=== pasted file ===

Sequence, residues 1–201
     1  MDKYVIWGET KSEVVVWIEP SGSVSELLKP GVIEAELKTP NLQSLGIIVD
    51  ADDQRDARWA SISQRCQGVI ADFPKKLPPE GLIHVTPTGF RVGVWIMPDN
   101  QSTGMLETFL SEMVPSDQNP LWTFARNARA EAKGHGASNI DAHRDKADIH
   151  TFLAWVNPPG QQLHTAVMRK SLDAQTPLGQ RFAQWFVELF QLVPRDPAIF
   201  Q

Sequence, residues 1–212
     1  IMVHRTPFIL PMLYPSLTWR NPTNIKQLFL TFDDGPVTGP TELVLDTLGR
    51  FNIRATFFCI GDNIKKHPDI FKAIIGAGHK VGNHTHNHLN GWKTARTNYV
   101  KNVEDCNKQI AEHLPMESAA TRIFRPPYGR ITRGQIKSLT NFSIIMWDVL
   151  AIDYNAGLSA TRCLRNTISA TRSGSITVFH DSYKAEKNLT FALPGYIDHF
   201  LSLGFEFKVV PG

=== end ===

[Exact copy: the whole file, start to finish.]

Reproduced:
Sequence, residues 1–201
     1  MDKYVIWGET KSEVVVWIEP SGSVSELLKP GVIEAELKTP NLQSLGIIVD
    51  ADDQRDARWA SISQRCQGVI ADFPKKLPPE GLIHVTPTGF RVGVWIMPDN
   101  QSTGMLETFL SEMVPSDQNP LWTFARNARA EAKGHGASNI DAHRDKADIH
   151  TFLAWVNPPG QQLHTAVMRK SLDAQTPLGQ RFAQWFVELF QLVPRDPAIF
   201  Q

Sequence, residues 1–212
     1  IMVHRTPFIL PMLYPSLTWR NPTNIKQLFL TFDDGPVTGP TELVLDTLGR
    51  FNIRATFFCI GDNIKKHPDI FKAIIGAGHK VGNHTHNHLN GWKTARTNYV
   101  KNVEDCNKQI AEHLPMESAA TRIFRPPYGR ITRGQIKSLT NFSIIMWDVL
   151  AIDYNAGLSA TRCLRNTISA TRSGSITVFH DSYKAEKNLT FALPGYIDHF
   201  LSLGFEFKVV PG